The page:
Pipi Yao as Tianyu

I loved Pipi Yao as Tianyu; she’s one of my favorite characters in this drama world. She’s so cute and endearing in general, that she basically lit up my screen just by showing up on it.

As a character, I found Tianyu very endearing. Even though she’s young and strong-minded, she’s generous, and shows flashes of surprising maturity. I was a little disappointed that Show didn’t have her go on the trip with Tianqing, because I thought that would have been very meaningful too, but Show does a pretty nice job of giving Tianyu her own growth arc, right where she is.


I was little disappointed that Show drops the arc of Tianyu finding accidental popularity as a livestreamer, because not only is it all quite amusing, I thought the livestreamer thing suited her personality perfectly.


Li Chung Lin as Bosen

Bosen and his music dreams is a pretty key secondary arc in our story, and I enjoyed his arc reasonably well. Li Chung Lin is cute, and he makes Bosen earnest and guilelessly charming, so I found Bosen pretty easy to like.


Even though Show eroded my affection for Bosen somewhat, with how he’s written to behave on the romance side of things (more on that later), I did like the idea of him being the catalyst that brings about his parents’ reconciliation.

I also liked that he got a chance to pursue his music dreams after all.


Tianyu and Bosen

There is a bit of a loveline between Bosen and Tianyu, but as I mentioned earlier, there were things about how this loveline was handled, that didn’t sit so well with me.

Ultimately, I rooted for this loveline mostly because I liked Tianyu, and she liked Bosen and wanted to be with him.

In the end, however, this loveline does lean rather sweet, so I have no lasting complaints about it.


We learn pretty early on, that Tianyu has a crush on Bosen, but Bosen (sadly) doesn’t realize it. Not only that, he’s nursing a crush on Tianqing, and fails to notice all the sweet things that Tianyu does for him, out of care and concern for him.

I thought it was really sweet of Tianyu to use her piggybank money to buy the keyboard for Bosen instead of putting it towards the trip that she’d dearly like to take with her sister. Plus, she’s so excited to give it to him, too.

On top of this, I was very touched to see how invested Tianyu is, in Bosen’s music dreams. In episode 10, it’s clear that she’s gutted that he doesn’t get to compete, and that it affects her on a very personal level.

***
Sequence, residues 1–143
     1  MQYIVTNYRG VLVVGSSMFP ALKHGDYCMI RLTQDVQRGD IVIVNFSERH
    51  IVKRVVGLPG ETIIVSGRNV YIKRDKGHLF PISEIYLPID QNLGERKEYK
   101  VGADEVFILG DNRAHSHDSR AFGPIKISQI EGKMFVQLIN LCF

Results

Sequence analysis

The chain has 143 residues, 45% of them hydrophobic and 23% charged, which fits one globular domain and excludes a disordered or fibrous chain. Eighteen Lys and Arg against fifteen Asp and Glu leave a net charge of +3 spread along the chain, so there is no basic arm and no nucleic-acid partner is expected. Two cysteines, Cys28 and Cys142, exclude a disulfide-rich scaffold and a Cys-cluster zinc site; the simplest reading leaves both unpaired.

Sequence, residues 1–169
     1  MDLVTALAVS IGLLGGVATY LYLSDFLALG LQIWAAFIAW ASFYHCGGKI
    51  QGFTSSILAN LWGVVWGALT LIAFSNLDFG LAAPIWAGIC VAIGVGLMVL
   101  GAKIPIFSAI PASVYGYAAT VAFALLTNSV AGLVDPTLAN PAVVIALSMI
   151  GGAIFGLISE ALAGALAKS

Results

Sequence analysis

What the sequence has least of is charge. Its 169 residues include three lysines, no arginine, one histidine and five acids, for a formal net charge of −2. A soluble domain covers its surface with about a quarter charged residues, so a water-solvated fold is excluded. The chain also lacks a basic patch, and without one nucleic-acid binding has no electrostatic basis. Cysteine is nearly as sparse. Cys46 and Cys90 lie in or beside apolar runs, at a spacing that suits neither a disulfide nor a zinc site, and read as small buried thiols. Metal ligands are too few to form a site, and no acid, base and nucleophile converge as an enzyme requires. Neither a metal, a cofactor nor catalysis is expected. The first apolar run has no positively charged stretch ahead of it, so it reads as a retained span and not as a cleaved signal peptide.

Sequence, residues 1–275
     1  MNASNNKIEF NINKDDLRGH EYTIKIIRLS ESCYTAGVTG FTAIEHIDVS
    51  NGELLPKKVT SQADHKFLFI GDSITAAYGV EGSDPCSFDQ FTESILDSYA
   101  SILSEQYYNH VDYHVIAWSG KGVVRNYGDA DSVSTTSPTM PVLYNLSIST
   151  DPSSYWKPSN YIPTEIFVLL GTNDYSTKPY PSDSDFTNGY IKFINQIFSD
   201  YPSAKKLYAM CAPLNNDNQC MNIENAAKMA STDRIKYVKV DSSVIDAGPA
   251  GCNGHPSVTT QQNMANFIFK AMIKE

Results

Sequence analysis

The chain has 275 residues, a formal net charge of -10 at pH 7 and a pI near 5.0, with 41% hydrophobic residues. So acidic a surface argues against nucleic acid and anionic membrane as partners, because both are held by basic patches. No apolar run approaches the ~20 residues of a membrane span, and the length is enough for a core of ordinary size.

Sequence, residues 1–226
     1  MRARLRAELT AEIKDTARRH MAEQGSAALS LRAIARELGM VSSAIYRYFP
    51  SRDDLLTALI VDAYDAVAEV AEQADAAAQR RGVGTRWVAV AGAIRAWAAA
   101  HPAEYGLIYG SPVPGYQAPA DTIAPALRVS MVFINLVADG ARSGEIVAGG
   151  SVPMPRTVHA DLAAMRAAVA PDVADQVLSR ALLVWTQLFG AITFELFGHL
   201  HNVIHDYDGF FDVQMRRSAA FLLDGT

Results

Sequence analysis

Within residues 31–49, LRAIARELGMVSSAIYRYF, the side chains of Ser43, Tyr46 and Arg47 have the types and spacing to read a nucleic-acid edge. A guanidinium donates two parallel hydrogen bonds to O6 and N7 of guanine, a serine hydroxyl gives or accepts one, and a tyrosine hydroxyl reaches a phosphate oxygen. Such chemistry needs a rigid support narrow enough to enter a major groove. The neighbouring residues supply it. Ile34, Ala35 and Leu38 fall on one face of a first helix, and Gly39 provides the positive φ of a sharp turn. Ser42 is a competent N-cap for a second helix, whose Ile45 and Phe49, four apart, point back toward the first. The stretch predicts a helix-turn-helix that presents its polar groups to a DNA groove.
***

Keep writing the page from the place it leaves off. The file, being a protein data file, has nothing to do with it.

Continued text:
She sincerely wants him to succeed, and it’s not just because she has feelings for him. I love how supportive she is of him, and I hope he comes to see how great she is.

Because of this, I was extra upset, when Bosen hurts Tianyu’s feelings in his effort to confess his feelings to Tianqing. The fact that Bosen’s supposed to have known all along that Tianyu likes him, somehow makes everything so much more heartbreaking, to me.

I think it’s because he hurt her, while knowing how she felt. Boo. After this, I just wanted Tianyu to get over her crush on him, and be happy without him.

However, Tianyu doesn’t get over Bosen, so Bosen coming to realize his feelings for Tianyu is.. an alright alternative. I like that he does come to appreciate how important Tianyu is to him.

I still think he’s quite an idiot, though, for not reaching out to her, when she stopped calling him. He says he couldn’t think of an excuse to call her, but honestly, if he’s as sincere as he says he is, he wouldn’t need to hide behind an excuse, now, would he?

ANYWAY. I have to admit that Bosen and Tianyu make a cute couple, and I thought the way Tianyu handles the dating ban in Bosen’s contract, is thoughtful and mature.

By the end of our story, I had confidence that these two will weather the storms of life pretty darn well together, whatever form those storms end up taking.


Tianqing and Tianyu

One of my favorite relationships in this drama world, is the sisterly bond between Tianqing and Tianyu.

Even though they aren’t blood-related, there is so much mutual love, care and consideration between them. I just really liked it when Show gave us scenes of them connecting.

Whether they’re physically together at home and lounging around together, or keeping in touch via video calls when they’re in different places, the connection is strong and unwavering, and I really enjoyed that.


I just wanted to shine the spotlight on episode 12, because that’s where we get some really nice sisterly moments between Tianqing and Tianyu.

Even though it’s a pretty small thing, it’s a nice little beat, to see Tianqing and Tianyu change that lightbulb together; something that Dad had always done himself, around the house. It’s meaningful, that even though they aren’t sure of themselves, they figure it out together, and continue Dad’s tradition of fixing things around the house himself.

It’s also nice to see Tianqing and Tianyu having heart-to-heart conversations, this episode.

First, we have Tianyu telling Tianqing that she doesn’t have to work so hard to appear strong, and then later in the episode, they talk about the whole awkward situation with Bosen.

I’m glad that the sisters talk it out, and it’s so heartening to see Tianyu tell her sister that she won’t blame her, because she knows that Bosen’s feelings aren’t her responsibility.

And then, there’s also how Tianqing asks Tianyu if it’s bad to want to be a good person, and Tianyu’s honest yet constructive advice, that it’s important not to be so nice that it makes things difficult for the people around you. It’s so wholesome. I like it a lot. ❤️



E2. That realization, that there are many things Tianqing and Tianyu don’t know about their father, is a very poignant, universal one. I can understand why Tianqing would want to go on that trip in her father’s memory, not only to remember him, but to understand him better. That’s a very fitting way to honor him.